Digital transition is not a one-time transition, but a continuous process. An organisation therefore has to consistently provide:
1. Digital Culture: A culture created by embracing digital transformation- an agile, innovative, and tech-savvy culture.
2. Digital Workplace: The Smart, digitally-integrated workplace, which enables easy data exchange and allows a diverse set of systems to work together in cohesion.
3. Digital HR: An agent to embrace various digital platforms to take up the dual challenge of transforming HR operations on the one hand, and transforming the workforce and practices on the other.
Once the three aspects mentioned above are woven together, the fabric for digital transformation will become strong.
“Building a digital workforce goes beyond just recruitment and talent development.” Can you elucidate a little more on this?
As mentioned earlier, creating a digital workforce goes much beyond the scope of just recruitment and talent development. It depends on various other aspects such as a culture of change, agile processes, effective communications, ability to find innovative solutions, etc.
Below are few more aspects to keep an eye out for:
1. Leadership mind-set and Strategy: Change begins with purposeful leadership that models culture and spearheads the required behavioural changes. Top leadership should be actively involved in initiating the transformation of their organisation and assume responsibility, both internally and externally, to ensure its success.
2. Culture Change:
a) Culture Change-Broad: Culture change must be broad. Unless the effort reaches across the organisational boundaries, verticals, and structures in order to align strategy, processes, and behaviour, it is likely to become little more than boilerplate language in corporate communications.
b) Culture Change-Deep: Unless individuals change their behaviour, the organisation will revert to its old ways as the default choice. Changing people, especially people who are fairly successful, requires great care and effective learning methods.
The focus should be on positive change, not negative reinforcement. Organisations that focus narrowly on compliance are likely to see it backfire, resulting in lower morale and the kind of resentment that often fuels disengaged employees. It is necessary to build pace, momentum, and engagement across the entire organisation for transformation.
Is Mobile Learning the only way forward in the D domain to ensure that learning is more cutting edge and forward-looking? Why should there be more thrust to Responsive Learning Management Systems?
Mobile Learning is not the only way, but a more prominent way of learning. Adult learners have different styles of learning, and hence not all learning can happen virtually. That said, Mobile Learning is one of the most preferred modes as it allows self‑paced learning, any-time-access to content, even on the go. At Welspun, we are making steady strides towards incorporating digital learning into the fabric of our learning strategy. Several programmes on statutory and compliance requirements have been converted into e-modules with interactive animation that allows a relatively less engaging subject to be more interesting. We have invested substantially in implementing SuccessFactors LMS, which has enabled online migration of all activities in the lifecycle of an L&D function. We have done away with paper-pencil feedback, and all the programmes are executed through the LMS. We have also partnered with LinkedIn Learning to access byte-sized, curated content for our Leadership Development programmes. These learning plans are curated according to the specific development needs of the individuals and are administered through our LMS. Additionally, Massive Open Online Courses (MOOCs) are also incorporated into the programme design for Leadership Development promoting learning from various platforms, and as per the pace and comfort of the learner.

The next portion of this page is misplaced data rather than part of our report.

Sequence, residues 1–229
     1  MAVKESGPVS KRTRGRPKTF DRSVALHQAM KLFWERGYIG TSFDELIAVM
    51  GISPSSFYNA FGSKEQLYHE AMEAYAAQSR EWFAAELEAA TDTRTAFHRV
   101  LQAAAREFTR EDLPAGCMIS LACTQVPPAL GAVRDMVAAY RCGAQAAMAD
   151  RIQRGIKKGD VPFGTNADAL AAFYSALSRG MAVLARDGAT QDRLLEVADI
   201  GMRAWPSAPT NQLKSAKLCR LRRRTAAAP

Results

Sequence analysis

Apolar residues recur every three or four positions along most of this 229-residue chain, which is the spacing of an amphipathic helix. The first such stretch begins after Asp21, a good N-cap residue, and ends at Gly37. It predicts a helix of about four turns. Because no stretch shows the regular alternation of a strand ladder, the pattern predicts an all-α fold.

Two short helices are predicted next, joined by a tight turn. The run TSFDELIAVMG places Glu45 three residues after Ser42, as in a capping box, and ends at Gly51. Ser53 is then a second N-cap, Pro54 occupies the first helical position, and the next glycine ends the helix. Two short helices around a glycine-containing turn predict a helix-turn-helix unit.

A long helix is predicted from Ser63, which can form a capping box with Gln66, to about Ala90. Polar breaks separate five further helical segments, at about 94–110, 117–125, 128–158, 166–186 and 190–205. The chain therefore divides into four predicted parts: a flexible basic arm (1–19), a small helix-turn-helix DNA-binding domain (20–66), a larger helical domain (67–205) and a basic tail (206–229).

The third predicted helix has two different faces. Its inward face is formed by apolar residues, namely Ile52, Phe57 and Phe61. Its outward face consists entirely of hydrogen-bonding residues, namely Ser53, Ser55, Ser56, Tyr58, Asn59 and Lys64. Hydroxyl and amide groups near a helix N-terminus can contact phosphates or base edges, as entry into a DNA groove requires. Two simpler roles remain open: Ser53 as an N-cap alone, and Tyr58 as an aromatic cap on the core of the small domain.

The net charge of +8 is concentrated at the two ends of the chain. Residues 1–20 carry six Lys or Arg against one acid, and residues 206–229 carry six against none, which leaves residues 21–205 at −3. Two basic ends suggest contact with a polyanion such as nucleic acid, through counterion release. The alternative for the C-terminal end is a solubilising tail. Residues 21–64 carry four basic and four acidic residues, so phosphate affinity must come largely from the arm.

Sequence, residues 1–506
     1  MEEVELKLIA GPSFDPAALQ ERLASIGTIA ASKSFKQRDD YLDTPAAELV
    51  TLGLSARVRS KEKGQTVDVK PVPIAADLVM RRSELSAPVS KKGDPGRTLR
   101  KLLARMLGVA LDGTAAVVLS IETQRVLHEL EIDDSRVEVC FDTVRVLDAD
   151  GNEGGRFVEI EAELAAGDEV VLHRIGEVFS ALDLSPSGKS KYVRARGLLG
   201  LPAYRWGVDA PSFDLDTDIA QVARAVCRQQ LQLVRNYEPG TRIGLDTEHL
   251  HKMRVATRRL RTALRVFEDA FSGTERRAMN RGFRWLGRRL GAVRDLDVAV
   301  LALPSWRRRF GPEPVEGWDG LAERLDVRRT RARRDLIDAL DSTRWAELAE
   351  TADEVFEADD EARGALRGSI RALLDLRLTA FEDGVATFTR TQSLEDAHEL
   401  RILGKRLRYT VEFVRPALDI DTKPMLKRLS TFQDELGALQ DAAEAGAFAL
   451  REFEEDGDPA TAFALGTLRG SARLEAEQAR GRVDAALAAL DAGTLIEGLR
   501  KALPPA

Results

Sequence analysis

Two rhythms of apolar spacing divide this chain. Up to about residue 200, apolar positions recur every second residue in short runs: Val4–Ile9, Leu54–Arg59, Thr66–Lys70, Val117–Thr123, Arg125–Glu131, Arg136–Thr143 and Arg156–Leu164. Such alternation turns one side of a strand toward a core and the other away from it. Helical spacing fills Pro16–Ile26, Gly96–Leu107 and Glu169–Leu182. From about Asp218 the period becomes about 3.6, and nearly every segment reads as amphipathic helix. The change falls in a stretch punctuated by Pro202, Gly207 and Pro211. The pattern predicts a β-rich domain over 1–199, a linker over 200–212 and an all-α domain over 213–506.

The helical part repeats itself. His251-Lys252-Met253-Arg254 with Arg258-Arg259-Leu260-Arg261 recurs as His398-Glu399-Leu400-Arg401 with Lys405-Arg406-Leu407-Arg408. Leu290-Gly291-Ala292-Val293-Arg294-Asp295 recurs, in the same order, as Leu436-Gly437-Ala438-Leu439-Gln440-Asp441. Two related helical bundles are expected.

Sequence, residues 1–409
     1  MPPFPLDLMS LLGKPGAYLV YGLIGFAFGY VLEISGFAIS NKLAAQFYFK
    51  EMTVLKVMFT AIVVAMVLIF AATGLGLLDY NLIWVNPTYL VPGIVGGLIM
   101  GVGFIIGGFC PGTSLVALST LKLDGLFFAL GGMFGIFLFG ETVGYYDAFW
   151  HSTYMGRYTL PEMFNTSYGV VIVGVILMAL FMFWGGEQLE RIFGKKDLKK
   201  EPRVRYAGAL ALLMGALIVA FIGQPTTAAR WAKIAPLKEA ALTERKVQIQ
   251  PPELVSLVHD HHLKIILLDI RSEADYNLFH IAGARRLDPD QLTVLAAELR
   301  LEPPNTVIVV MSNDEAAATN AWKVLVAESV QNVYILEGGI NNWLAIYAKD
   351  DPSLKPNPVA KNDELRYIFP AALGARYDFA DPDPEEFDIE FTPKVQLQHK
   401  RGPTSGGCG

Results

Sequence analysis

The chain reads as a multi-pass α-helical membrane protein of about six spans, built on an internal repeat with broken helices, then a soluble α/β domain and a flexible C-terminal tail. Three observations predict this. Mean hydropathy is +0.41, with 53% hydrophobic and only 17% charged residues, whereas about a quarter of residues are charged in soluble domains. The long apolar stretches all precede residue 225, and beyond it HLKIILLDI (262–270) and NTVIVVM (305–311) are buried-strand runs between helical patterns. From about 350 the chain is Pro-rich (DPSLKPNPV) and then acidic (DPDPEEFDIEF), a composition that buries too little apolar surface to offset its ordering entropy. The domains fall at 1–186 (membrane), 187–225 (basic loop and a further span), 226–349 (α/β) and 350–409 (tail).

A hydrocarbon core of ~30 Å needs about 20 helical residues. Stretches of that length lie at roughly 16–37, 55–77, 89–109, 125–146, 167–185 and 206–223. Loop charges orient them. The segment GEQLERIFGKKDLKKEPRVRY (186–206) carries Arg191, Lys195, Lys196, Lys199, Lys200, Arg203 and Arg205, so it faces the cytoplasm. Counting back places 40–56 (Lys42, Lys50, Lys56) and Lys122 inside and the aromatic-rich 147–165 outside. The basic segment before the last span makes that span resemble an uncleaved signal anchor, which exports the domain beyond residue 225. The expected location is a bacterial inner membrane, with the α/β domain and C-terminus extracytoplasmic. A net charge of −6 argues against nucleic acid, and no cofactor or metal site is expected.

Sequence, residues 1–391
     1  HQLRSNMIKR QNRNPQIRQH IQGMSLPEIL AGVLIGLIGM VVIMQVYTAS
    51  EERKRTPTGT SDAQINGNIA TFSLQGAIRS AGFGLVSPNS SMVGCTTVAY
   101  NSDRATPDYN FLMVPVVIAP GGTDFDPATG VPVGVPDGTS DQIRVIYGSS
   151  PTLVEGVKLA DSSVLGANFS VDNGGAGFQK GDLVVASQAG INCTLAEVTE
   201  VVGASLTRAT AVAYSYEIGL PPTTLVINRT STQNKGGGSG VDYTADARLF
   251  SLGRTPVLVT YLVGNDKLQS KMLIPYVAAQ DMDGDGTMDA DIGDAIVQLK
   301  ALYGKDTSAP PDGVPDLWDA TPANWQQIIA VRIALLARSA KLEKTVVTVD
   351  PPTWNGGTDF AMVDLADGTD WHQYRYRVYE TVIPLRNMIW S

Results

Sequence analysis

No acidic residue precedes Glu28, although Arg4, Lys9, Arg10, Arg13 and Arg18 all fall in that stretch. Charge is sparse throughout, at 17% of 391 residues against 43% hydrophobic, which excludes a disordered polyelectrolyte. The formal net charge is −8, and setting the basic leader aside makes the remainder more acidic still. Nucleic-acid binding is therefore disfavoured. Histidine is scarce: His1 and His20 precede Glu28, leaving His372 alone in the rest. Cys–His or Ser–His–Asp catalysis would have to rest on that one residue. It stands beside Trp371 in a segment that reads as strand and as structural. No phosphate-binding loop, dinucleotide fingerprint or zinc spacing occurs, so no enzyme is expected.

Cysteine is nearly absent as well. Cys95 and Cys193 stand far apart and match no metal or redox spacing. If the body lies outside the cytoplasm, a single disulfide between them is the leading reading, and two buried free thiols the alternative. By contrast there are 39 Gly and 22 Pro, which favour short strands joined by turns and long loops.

“APIs and Integration are important cornerstones of a digital workplace.” Are these by themselves sufficient to ensure that the workplace is a better place to work and more productive?
In the era of Technology, the focus has shifted to productivity through intelligent automation. Waves of disruptions are transforming businesses. By not “disrupting” their business, many companies have seen business models become old and outdated, which has resulted in employee dissatisfaction, high turnover, inefficient management of resources, etc, and has also impacted their revenues big time.
APIs and Integration have become important cornerstones of a digital workplace. AI and IoT in Recruitment and Engagement, and JIT Recruitment and Workforce Analytics in Manpower Planning and Succession Planning, along with many other changes in the conventional ways have taken over the world of today.
However, only through technological advancements one cannot comment that the workplace is ‘a better place to work’. Collaborative environments, where all the resources get ample opportunities to learn and grow, platforms to share knowledge through social learning, and learning management tools etc. could go a long way towards providing a nurturing environment to the workforce, where they can experiment and use mistakes as learning opportunities to grow. It will result in increased satisfaction among the employees, which in turn will result in higher productivity.
“Social Learning & Knowledge Collaboration tools.” Is the onus on HR to inculcate the values in the LMS system for the new-age workforce?
Technological advances have made verbal communication redundant in many parts of life — ordering a pizza, taking part in a university class, planning a holiday, and even physical fitness schedules are all done via apps. This means that the new age workforce is not used to speaking to someone in person or on the phone as was the case earlier. In such a scenario, the use of social media and online platforms to know and remain connected with each other has become the new mandate.